Israel’s parliament has passed a law funding long-term savings accounts for all newborns, based on a proposal developed by Michal Grinstein-Weiss, PhD, professor at the Brown School at Washington University in St. Louis and associate director of the Center for Social Development (CSD), and on research efforts led by Michael Sherraden, PhD, the George Warren Brown Distinguished University Professor and director of CSD.
Under the new law, Israel’s child accounts, known as CDAs in the United States, would be established for all newborns in Israel. The law allows recipients to access funds at age 18 for education, small business enterprise, marriage or homeownership. At age 21, the funds will be accessible with no restrictions.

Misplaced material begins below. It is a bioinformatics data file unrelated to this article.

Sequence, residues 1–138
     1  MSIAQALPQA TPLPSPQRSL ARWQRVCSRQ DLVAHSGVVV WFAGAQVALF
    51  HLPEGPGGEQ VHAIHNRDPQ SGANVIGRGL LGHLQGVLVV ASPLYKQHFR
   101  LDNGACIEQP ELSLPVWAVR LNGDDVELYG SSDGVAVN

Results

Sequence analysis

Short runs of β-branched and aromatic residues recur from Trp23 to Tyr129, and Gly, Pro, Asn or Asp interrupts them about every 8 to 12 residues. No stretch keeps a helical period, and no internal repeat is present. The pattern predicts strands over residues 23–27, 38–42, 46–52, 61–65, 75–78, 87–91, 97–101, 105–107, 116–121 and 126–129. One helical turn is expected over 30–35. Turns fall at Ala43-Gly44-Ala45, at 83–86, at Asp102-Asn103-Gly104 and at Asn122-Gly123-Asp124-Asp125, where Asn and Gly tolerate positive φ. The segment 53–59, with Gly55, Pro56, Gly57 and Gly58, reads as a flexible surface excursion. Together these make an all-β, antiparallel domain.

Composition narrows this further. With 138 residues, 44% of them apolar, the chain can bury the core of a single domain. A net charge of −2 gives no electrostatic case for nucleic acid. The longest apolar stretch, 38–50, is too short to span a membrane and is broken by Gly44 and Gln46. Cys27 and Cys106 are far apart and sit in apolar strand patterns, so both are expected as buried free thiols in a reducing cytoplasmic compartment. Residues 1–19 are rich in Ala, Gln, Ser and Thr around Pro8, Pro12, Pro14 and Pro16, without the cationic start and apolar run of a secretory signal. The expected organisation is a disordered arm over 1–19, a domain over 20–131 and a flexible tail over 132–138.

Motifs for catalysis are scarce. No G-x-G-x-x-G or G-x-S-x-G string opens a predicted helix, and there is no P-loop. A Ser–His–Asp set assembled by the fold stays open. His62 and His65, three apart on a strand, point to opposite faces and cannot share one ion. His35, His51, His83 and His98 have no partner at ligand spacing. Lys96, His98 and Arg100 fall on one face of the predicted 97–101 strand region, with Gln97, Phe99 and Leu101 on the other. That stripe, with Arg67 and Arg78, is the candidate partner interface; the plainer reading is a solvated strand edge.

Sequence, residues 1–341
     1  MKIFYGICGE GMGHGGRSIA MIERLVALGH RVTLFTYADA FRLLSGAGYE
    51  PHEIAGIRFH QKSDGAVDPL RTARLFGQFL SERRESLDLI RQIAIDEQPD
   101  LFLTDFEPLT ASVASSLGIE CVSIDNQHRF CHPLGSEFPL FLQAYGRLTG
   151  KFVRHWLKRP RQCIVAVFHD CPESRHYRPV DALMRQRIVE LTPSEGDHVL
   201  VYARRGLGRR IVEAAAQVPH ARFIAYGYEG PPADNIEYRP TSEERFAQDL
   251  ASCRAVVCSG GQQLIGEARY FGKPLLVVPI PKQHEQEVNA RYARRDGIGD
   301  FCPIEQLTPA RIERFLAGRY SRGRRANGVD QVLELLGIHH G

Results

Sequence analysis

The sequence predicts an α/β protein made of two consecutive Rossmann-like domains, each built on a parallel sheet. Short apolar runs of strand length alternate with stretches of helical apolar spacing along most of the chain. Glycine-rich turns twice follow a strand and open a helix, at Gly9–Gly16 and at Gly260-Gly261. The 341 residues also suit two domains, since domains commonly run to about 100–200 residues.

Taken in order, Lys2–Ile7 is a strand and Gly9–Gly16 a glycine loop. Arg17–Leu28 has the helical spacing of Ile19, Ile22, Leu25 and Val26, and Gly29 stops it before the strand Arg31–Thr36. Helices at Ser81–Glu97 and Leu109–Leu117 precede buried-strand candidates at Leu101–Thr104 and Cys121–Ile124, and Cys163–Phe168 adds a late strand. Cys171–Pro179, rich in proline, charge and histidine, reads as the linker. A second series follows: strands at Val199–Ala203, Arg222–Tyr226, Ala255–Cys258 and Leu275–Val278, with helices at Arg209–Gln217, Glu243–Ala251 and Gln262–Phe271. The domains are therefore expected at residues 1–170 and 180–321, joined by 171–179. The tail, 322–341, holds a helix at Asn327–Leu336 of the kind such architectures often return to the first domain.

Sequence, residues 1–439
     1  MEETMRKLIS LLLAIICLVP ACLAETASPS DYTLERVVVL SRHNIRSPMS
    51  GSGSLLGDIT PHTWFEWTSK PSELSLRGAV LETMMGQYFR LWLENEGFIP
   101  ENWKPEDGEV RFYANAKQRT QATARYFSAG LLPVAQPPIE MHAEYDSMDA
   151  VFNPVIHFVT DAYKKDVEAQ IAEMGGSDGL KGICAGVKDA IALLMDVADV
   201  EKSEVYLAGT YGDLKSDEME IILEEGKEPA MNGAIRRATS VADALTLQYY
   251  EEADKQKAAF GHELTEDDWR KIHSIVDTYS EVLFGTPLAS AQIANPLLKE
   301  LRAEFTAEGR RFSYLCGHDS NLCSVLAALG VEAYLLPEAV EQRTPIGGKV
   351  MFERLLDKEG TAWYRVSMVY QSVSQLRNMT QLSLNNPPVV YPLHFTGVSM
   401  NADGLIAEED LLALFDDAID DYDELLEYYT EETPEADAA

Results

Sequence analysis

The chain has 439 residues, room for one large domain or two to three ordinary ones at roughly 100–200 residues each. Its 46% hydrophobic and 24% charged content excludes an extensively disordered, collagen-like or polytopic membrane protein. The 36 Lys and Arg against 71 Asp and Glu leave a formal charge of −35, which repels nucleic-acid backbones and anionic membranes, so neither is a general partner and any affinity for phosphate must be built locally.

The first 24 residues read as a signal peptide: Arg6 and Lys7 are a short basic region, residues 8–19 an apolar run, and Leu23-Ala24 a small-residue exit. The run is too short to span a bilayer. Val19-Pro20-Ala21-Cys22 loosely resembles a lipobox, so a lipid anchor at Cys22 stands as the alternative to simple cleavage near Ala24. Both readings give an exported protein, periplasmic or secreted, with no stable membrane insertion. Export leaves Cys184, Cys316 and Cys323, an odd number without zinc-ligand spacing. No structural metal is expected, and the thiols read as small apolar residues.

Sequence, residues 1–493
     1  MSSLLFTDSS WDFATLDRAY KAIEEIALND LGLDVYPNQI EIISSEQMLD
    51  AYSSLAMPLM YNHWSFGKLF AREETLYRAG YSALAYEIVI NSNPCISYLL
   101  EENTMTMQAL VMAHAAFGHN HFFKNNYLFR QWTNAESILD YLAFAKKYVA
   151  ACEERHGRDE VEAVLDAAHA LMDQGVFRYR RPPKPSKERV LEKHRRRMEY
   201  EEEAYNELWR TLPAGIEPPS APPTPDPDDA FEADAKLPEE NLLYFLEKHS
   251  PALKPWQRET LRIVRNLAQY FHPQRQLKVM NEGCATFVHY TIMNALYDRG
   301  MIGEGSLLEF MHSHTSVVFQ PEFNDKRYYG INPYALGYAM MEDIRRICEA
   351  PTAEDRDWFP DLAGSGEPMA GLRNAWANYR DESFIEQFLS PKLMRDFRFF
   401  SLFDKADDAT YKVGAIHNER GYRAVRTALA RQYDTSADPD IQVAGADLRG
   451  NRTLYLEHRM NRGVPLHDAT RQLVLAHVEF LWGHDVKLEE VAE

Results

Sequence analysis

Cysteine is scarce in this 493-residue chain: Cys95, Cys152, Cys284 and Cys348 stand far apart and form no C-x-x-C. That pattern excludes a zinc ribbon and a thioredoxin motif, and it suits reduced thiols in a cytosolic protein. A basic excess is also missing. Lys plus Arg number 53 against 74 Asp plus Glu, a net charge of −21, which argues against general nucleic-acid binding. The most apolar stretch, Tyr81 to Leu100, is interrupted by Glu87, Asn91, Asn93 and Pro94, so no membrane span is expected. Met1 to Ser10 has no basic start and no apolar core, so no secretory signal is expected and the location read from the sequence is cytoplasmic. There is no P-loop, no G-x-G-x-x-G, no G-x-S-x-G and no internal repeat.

“This is an important policy innovation and a great step toward achieving a better future and reducing income and assets inequalities in the long run,” Grinstein-Weiss said.
About a third of Israeli children live below the poverty line. The new accounts will build on Israel’s existing child allowance. Each child will receive 50 shekels each month, equivalent to $13.20, for long-term savings. The money will be in addition to the amount received for his or her regular child allowance and go to the child’s mother starting January 1, 2017.
Read the full story in The Source: CSD’s work leads to Israel adopting child savings accounts